Lord Hobo Promotes COO Nathan Whipple to President, Refreshes Packaging

In its fifth year, Lord Hobo Brewing is making some changes — the company’s packaging has gotten a makeover, there’s a new face at the helm and plans for a taproom in New York City have been scrapped.

Longtime chief operating officer Nathan Whipple has moved into the role of president, taking over much of the day-to-day work of running the company from founder and CEO Daniel Lanigan.

“I’ve been with the company for a long time and I’ve had my influence over basically every part of the business and helped Daniel build this up from the ground,” Whipple said. “It’s just more of a natural evolution in terms of understanding how the business works and all the key stakeholders involved both internal and external. It just seemed to make sense.”

Lanigan will focus on business development and new opportunities for the brand, which involves him “being largely outside of this building,” while Whipple will be the “consistent leadership on site.”

The Woburn, Massachusetts-based company has scrapped plans for a potential taproom in New York City, opting instead to focus on similar opportunities elsewhere in the Northeast, though Whipple declined to elaborate further.

“It was an opportunity that we looked at and it was interesting, but it was a large undertaking at the time and we had a lot of stuff going on,” he said.

Lord Hobo’s other projects — a new location in Boston’s Seaport District and another expansion at its Woburn headquarters — are paused during the COVID-19 pandemic, but will pick back up when stay-at-home orders subside.

“It’s obviously suffering the same delay that other construction projects are suffering, and we’re all anxiously awaiting some news from the government to tell us when we can resume construction,” Whipple said. “It’s all sort of TBD in terms of how big of a delay that will introduce, but it certainly is delayed.”

At the company’s brewery in Woburn, a 2,800 sq. foot expansion to the taproom that opened in November 2018 is in the works, along with a 1,600 sq. ft. patio, which Whipple thinks will be popular in a post-COVID world. He expects the project to be finished by July, if all goes according to Plan B. Plan A had involved opening the new space in late April or early May, obviously out of the question now.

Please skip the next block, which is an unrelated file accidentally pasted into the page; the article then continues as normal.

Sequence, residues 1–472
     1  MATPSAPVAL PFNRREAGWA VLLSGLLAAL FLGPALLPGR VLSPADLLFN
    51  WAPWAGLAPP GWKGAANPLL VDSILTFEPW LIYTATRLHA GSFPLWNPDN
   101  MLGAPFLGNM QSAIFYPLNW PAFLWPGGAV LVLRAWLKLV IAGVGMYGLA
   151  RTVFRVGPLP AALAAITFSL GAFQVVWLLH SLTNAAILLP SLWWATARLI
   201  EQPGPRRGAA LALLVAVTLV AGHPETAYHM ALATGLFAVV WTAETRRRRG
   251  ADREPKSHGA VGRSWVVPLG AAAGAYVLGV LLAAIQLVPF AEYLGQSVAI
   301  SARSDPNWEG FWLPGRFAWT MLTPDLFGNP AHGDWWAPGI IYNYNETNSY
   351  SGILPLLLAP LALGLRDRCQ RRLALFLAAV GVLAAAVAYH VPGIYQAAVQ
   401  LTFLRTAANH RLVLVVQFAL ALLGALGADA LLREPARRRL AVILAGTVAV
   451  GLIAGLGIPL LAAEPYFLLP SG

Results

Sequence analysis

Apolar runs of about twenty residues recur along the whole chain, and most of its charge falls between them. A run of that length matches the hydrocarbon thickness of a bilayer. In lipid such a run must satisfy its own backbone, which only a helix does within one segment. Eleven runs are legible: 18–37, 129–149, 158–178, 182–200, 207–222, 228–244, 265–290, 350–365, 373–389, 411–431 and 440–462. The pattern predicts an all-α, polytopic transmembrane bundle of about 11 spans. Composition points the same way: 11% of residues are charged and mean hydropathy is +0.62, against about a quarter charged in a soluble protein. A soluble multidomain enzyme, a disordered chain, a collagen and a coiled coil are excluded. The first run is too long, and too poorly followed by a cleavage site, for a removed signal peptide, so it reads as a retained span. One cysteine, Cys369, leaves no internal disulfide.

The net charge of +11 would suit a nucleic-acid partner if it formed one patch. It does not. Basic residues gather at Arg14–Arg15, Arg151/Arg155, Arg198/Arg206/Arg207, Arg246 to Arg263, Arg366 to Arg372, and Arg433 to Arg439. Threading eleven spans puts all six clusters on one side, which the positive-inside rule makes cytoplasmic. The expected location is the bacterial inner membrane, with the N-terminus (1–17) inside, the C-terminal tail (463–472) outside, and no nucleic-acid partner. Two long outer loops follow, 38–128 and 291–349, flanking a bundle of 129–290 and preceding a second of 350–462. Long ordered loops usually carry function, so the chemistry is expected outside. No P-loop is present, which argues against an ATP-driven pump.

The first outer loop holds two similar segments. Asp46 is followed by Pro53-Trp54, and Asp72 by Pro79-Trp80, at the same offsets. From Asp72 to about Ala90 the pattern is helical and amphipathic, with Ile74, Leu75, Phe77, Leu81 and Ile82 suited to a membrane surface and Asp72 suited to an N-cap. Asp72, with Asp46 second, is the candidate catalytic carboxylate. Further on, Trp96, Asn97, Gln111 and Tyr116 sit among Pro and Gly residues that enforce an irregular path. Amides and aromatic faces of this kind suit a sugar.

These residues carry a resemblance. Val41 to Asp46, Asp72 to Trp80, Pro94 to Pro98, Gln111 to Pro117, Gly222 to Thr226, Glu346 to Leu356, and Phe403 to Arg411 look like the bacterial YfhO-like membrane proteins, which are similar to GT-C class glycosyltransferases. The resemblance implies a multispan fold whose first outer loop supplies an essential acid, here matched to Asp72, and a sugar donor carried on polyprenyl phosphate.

“We are looking to prioritize the patio, both in the Seaport and in Woburn,” he said. “I assume most people are gonna want to be outside in the fresh air. That’ll help people feel more comfortable with being at a restaurant taproom and enjoying the time there with a breeze blowing.”

Lord Hobo’s Boston location will be at Two Drydock, a multi-use project at the intersection of the Seaport District and South Boston. The Seaport District, long home to Harpoon Brewery, has gained a Trillium taproom and brewery and a seasonal Cisco Brewers-branded beer garden in recent years.

Additionally, Lord Hobo has refreshed its packaging with redesigned cans and cartons to create cohesion across brands.

The uniformity will help consumers “identify us, and find the information that they’re looking for when they’re scanning a shelf in a sea of beers and colors and craziness,” Whipple said.

Lord Hobo’s off-premise business, which reaches 13 states, accounts for 70% of its volume, Whipple said. The company’s on-premise volume has dried up with the COVID-19-forced closure of bars, restaurants, athletic venues and the Encore Boston Harbor, a casino in Everett, Massachusetts where Lord Hobo is the official beer.

“That’s painful for us from a volume standpoint and also, you know, just the visibility that we get from being at Fenway or Gillette or Encore, so certainly a double whammy of bummer for us,” Whipple said. “But we were very fortunate and grateful that we do have a strong off-premise business, even without those accounts that have been forced to close.

Our distributors and retailers are really supportive of us and they do a great job.”

In 2019, Lord Hobo sold 40,000 barrels, up from 37,733 in 2018, according to the Brewers Association.

The company secured a loan from the Paycheck Protection Program, which allowed them to bring back employees who had been furloughed in mid-March. Lord Hobo sold a minority ownership stake to private investment firm Valterra Partners in 2017; normally, such an investment would disqualify small businesses from Small Business Administration aid, but Congress instructed the SBA to loosen some rules when it created the PPP.

“We were lucky enough to see some PPP money, which allowed us to bring people back on and resume — I wouldn’t say normal operations because nothing’s really normal right now — but we’re making beer and shipping beer and trying to figure out how to maximize the taproom,” Whipple said.

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